Optimising cooling water systems

An integrated approach to chemical treatment can improve reliability, reduce costs and extend the life of cooling systems. Cooling system problems can be overcome by combining cooling water programs with analytical tools.

Daniel A Meier
Nalco Energy Services

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Article Summary

Refineries and petrochemical plants represent the most challenging water-treatment environments. High heat fluxes, difficult water conditions, process leaks and intense pressure on capital and consumable budgets require water-treatment programs to operate under maximum stress. This can result in scale, corrosion and fouling that jeopardise asset integrity and increase total cost of operation.

It has become clear that a new approach is required to address cooling tower problems systematically. Such an approach combines an analysis of the entire system, including mechanical, operational and chemical factors, with a new integrated treatment program comprised of stress-resistant chemistry, active-based control and real-time performance monitoring.

Mechanical analysis develops a profile of the cooling water heat exchangers, focusing on the skin temperature, water velocity and heat flux through each exchanger. Metallurgies and exchanger designs are also identified and used in the reliability assessment. A detailed drawing is made to describe water flow through the entire unit that can be used in problem identification, as well as in the determination of specific upgrade solutions.

The mechanical profile is used to identify system stresses that affect the treatment program. The analysis evaluates low flow and high temperatures that increase scale and corrosion potential. Analysis also provides cost quantification of high stress factors that can be used for mechanical upgrade justification.

One of the most common causes of reliability issues in cooling water relates to poor operation, specifically wide variations in key control parameters (cycles, pH, phosphate and FAH). The operational audit component statistically analyses key parameter data and calculates the current control capabilities of the system; how these compare with the current specification limits; and what is required from an operational standpoint to meet the control requirements of the treatment program and its reliability objectives.

Chemical analysis examines water and treatment chemistry, with special attention given to variations that can occur in the water. This data, along with operational and mechanical information, is used to model scale and corrosion conditions that exist throughout the cooling water system, and the exchangers in particular. With this technology, sensitivity analyses may be conducted to quantify the impact of mechanical, operational or chemical changes on system costs and reliability.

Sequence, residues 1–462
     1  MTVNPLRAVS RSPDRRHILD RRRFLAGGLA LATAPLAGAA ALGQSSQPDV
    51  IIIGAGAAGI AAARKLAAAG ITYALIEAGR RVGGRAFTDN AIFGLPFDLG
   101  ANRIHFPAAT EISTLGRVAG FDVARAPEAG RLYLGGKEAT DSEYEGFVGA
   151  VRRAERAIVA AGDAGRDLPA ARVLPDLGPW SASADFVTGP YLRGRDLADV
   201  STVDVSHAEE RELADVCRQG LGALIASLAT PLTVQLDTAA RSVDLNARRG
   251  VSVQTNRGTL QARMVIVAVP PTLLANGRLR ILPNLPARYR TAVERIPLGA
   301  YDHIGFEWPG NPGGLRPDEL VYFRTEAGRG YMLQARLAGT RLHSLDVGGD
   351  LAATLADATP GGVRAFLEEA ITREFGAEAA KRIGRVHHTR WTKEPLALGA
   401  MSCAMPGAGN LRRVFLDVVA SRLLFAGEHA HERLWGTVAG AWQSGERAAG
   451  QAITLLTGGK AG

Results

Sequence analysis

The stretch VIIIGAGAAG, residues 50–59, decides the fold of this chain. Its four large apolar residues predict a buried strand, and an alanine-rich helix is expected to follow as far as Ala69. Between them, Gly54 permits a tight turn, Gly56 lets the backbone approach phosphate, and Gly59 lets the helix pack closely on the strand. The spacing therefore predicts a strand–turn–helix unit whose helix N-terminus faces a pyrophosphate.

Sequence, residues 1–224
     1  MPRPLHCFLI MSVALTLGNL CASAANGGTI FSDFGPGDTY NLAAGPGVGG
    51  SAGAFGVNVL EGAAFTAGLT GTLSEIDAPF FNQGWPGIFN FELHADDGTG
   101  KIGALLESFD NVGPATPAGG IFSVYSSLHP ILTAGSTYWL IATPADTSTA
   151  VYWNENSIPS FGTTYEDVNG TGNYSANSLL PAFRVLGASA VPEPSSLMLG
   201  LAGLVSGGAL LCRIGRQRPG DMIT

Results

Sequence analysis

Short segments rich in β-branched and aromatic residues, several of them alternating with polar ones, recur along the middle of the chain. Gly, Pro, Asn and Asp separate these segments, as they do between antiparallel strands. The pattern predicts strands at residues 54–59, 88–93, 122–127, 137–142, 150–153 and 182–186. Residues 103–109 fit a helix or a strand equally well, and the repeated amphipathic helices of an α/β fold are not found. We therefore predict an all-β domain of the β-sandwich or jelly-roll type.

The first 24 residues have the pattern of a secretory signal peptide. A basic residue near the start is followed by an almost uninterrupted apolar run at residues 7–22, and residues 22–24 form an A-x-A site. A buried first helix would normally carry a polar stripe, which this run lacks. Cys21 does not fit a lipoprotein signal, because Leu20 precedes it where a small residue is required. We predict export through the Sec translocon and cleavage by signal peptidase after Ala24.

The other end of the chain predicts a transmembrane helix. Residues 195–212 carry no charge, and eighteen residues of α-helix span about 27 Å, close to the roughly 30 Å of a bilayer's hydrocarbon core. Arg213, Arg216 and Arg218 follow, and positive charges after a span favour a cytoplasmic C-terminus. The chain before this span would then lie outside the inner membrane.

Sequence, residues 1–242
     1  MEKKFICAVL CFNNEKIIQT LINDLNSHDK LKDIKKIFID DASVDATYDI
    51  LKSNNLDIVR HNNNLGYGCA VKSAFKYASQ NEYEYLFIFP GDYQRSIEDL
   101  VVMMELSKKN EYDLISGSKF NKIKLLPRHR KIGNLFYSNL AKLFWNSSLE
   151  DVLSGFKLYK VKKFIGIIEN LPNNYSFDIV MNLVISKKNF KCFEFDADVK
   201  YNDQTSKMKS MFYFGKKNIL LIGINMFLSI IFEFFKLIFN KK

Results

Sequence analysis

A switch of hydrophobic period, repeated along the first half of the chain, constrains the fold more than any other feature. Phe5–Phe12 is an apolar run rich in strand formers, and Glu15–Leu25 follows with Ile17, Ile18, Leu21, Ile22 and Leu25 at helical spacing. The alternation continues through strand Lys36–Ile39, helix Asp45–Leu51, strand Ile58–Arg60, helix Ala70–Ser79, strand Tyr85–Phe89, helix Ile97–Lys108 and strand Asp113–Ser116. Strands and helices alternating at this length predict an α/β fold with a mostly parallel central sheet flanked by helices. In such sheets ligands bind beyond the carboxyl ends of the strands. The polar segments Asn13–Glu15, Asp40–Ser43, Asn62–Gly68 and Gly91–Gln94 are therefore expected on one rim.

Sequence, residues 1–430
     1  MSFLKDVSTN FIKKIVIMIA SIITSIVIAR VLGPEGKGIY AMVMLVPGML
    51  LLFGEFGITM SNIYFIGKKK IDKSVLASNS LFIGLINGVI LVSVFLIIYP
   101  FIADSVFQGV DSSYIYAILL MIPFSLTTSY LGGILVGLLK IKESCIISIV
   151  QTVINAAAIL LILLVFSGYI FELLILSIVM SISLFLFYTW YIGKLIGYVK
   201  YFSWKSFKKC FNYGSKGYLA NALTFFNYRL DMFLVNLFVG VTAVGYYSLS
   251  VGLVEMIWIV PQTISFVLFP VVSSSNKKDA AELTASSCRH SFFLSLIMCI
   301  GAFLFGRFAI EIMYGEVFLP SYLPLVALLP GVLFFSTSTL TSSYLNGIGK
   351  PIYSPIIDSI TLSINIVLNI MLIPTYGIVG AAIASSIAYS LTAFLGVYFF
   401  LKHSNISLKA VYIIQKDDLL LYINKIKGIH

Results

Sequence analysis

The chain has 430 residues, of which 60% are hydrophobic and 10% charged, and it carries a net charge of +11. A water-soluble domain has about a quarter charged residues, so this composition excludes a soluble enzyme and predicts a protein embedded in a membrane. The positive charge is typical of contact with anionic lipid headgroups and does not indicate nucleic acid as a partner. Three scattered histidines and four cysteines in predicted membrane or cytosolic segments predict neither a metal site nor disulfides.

In addition to these analytical tools, an effective system for addressing cooling system problems includes an integrated suite of new stress-resistant chemistry, active-based control and real-time performance monitoring that provides unique capability.

Trial application
A field application of the new integrated cooling water program and cooling system analysis techniques began in August 2003 at a supermajor chemical plant in Beaumont, Texas (BMCP). This field application indicates that such a system can produce substantial long-term cost savings and greatly improve reliability in refining and petrochemical cooling systems. The subject of the trial, #5 Paraxylene Cooling System, had problems typical of many cooling systems:
— Highly corrosive make-up water
— Very long holding time
— Uncontrolled supplemental make-up with steam condensate
— Poor key parameter control.

Several heat exchangers serviced by this cooling tower had to be retubed after only five years in service because of heavy localised corrosion associated with an under-deposit mechanism. To overcome these problems, a new total cooling water program called 3D Trasar was deployed.
To date, the following trial results using 3D Trasar have been measured:
— 71% reduction in phosphate variation
— 86% reduction in active polymer variation
— 50% reduction in calcium phosphate fouling potential
— Instantaneous response to system upsets (chemical addition/control)
— 21% reduction in general corrosion rates from coupons
— 70% reduction in general corrosion rates from online corrosion probes
— 81% reduction in localised corrosion rates
— Calculated 625% increase in mild steel exchanger life
— Calculated $165 784/yr savings in retubing costs.

These improvements are significant and will increase cooling water reliability for all systems within the BMCP and PE complexes.

Cooling tower conditions before trial
The #5 Paraxylene Cooling System was analysed to obtain mechanical, operational and chemical data required to evaluate causes and provide solutions to this localised corrosion problem.

Continuous introduction of condensate into the cooling tower was a unique mechanical factor. This has the significant effect of increasing the holding time index (HTI), a reflection of how long minerals and chemicals remain in the system. Nalco’s measurements of HTI are shown in Figure 1.

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